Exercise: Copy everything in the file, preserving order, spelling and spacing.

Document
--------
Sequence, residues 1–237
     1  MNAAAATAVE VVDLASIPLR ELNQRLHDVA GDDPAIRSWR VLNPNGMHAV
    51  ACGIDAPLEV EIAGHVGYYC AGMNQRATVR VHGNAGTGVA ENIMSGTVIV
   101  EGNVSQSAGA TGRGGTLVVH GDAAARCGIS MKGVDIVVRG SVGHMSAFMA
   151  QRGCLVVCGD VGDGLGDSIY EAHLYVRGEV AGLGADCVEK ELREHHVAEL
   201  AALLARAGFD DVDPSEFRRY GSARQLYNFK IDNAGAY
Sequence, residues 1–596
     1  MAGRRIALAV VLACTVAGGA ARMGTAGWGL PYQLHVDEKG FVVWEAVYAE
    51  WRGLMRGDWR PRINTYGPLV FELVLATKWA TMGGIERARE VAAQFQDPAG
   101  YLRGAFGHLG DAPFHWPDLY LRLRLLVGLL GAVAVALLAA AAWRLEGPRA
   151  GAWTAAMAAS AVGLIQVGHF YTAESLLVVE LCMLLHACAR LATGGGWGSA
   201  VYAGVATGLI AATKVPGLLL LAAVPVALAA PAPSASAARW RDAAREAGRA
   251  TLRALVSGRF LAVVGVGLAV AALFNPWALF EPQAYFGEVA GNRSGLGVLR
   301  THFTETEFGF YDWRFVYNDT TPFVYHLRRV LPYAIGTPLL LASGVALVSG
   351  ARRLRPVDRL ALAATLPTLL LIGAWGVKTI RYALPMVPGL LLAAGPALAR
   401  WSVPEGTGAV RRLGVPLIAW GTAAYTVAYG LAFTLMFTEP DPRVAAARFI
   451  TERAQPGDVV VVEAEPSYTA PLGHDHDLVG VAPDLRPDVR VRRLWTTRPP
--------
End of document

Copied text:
Sequence, residues 1–237
     1  MNAAAATAVE VVDLASIPLR ELNQRLHDVA GDDPAIRSWR VLNPNGMHAV
    51  ACGIDAPLEV EIAGHVGYYC AGMNQRATVR VHGNAGTGVA ENIMSGTVIV
   101  EGNVSQSAGA TGRGGTLVVH GDAAARCGIS MKGVDIVVRG SVGHMSAFMA
   151  QRGCLVVCGD VGDGLGDSIY EAHLYVRGEV AGLGADCVEK ELREHHVAEL
   201  AALLARAGFD DVDPSEFRRY GSARQLYNFK IDNAGAY
Sequence, residues 1–596
     1  MAGRRIALAV VLACTVAGGA ARMGTAGWGL PYQLHVDEKG FVVWEAVYAE
    51  WRGLMRGDWR PRINTYGPLV FELVLATKWA TMGGIERARE VAAQFQDPAG
   101  YLRGAFGHLG DAPFHWPDLY LRLRLLVGLL GAVAVALLAA AAWRLEGPRA
   151  GAWTAAMAAS AVGLIQVGHF YTAESLLVVE LCMLLHACAR LATGGGWGSA
   201  VYAGVATGLI AATKVPGLLL LAAVPVALAA PAPSASAARW RDAAREAGRA
   251  TLRALVSGRF LAVVGVGLAV AALFNPWALF EPQAYFGEVA GNRSGLGVLR
   301  THFTETEFGF YDWRFVYNDT TPFVYHLRRV LPYAIGTPLL LASGVALVSG
   351  ARRLRPVDRL ALAATLPTLL LIGAWGVKTI RYALPMVPGL LLAAGPALAR
   401  WSVPEGTGAV RRLGVPLIAW GTAAYTVAYG LAFTLMFTEP DPRVAAARFI
   451  TERAQPGDVV VVEAEPSYTA PLGHDHDLVG VAPDLRPDVR VRRLWTTRPP